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Thread: Chord changes.

  1. #11
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    Jul 2018
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    Quote Originally Posted by Swamp Yankee View Post
    I'm not sure if I was clear... I didn't meant to say that I was trying to figure out how to avoid open string harshness or droning... whatchamacallit... I don't have any problem with that because the chord changes are happening quickly enough so that the strings are muted between the chords.

    I've had a few days to concentrate on my technique and I think the way forward is to learn to control the hammer on chord effect as I kind of like it in certain parts of some songs.

    I've been working on changing the timing of my strum to be fully on the chord in slower chord changes, and found that can actually be a cool effect.

    Another technique that is arising out of it is something that I noticed happening unintentionally - I'm sounding the strings as I'm coming off a chord - so it's like a whole chord pull off.

    Movable chord shapes are useful and I am slowly learning to use them...but even then there will be some slight pause - during which all the strings are muted anyway.

    In any event it's sure fun working on it
    The "pull off" sound when lifting off happens more with damp fingers than with drier ones. I notice that when I've just washed my hands and dried them, this happens until they are really dry. Moisture grips the strings.

  2. #12
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    May 2019
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    Mid-Atlantic region, USA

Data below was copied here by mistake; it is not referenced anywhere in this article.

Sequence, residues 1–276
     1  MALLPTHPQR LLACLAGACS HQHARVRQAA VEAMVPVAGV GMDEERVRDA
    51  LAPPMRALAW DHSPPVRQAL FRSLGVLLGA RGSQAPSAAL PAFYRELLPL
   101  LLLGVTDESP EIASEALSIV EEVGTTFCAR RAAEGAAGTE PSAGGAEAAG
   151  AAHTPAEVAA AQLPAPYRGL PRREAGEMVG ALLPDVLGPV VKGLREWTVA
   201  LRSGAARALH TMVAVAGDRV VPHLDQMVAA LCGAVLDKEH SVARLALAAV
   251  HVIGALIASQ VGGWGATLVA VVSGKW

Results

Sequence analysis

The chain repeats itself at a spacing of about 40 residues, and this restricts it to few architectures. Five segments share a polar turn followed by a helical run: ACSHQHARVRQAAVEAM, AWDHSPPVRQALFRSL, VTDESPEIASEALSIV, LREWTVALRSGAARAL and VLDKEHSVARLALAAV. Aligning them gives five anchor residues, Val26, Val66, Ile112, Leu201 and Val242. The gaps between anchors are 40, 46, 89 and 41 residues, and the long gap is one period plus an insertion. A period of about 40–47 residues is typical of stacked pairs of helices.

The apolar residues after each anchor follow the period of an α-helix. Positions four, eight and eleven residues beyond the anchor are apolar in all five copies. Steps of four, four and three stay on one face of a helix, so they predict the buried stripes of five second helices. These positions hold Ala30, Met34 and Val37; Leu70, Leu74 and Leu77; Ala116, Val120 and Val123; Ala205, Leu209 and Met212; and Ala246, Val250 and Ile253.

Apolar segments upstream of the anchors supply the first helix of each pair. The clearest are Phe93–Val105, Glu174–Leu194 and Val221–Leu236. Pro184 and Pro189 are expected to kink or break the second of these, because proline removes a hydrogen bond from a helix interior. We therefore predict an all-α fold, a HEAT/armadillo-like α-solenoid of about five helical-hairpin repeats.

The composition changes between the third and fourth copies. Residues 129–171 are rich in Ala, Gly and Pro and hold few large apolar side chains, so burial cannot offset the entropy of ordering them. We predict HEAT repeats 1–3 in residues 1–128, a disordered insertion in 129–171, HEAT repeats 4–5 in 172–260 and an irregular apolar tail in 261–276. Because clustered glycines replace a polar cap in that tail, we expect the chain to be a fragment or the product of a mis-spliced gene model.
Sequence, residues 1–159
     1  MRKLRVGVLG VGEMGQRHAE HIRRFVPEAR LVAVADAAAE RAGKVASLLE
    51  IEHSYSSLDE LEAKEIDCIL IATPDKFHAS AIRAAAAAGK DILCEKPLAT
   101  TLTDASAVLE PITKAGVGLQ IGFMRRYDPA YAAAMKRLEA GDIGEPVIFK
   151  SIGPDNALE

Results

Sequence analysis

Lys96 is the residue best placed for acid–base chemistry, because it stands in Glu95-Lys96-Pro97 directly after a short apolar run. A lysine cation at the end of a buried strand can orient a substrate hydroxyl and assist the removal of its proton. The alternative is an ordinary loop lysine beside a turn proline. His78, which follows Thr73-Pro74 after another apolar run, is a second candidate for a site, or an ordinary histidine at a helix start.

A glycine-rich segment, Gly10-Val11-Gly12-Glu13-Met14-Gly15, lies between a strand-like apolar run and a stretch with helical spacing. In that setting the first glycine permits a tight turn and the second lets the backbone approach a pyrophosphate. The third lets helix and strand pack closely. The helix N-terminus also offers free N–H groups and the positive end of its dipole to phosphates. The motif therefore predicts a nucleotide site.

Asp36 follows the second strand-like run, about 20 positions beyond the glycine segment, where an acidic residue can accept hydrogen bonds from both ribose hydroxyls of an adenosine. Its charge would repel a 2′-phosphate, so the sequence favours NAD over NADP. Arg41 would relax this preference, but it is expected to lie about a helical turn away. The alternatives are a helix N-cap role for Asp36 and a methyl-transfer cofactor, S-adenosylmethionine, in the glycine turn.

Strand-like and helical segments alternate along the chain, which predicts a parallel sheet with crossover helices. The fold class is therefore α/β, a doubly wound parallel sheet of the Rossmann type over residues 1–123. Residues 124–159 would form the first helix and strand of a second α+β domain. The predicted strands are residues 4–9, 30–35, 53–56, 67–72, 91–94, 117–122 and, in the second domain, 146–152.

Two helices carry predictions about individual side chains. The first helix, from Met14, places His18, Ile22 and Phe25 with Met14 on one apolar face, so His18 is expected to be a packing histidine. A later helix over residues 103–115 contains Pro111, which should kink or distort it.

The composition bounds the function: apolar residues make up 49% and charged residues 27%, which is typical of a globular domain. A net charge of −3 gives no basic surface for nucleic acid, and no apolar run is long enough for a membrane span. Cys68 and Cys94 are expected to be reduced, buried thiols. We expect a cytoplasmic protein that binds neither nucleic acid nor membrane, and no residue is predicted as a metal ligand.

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    Quote Originally Posted by Swamp Yankee View Post
    Another technique that is arising out of it is something that I noticed happening unintentionally - I'm sounding the strings as I'm coming off a chord - so it's like a whole chord pull off.
    I thought I was the only one who accidentally did this

    Quote Originally Posted by AQUATOPAZ View Post
    The "pull off" sound when lifting off happens more with damp fingers than with drier ones. I notice that when I've just washed my hands and dried them, this happens until they are really dry. Moisture grips the strings.
    Good to know!

  3. #13
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    Aug 2017
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    Quote Originally Posted by AQUATOPAZ View Post
    The "pull off" sound when lifting off happens more with damp fingers than with drier ones. I notice that when I've just washed my hands and dried them, this happens until they are really dry. Moisture grips the strings.

    Despite my user name, I don't have damp fingers

    I have callouses on my fingertips and I kind of brush the strings sideways with all fretting fingers as I lift off. This makes a subtle sound that I'm trying to learn to control and accentuate when I want it. I first noticed it as an accidental occurrence that happened sometimes when I played fast but I'm working it into my technique slowly.
    Sopranos: aNueNue Khaya Mahogany 1, Bruko No. 6; Kiwaya KS-1; Kiwaya KTS-4; Kiwaya KTS-4K; Martin S-O
    Concerts:Cahaya CY-0112; Kiwaya KTC-1; Martin C-1 (ca. 1947-1955); Musicguymic's Kolohe
    Tenors: Cordoba 24T; Kiwaya KTT-2K
    Baritones: Cordoba 24B

  4. #14
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    I usually in a fast strum tend to intuitively if there is an up strum like "4 and" change the chord with "and", so the next beat chord is right. This is quite common thing to do I've also heard.

  5. #15
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    Apr 2019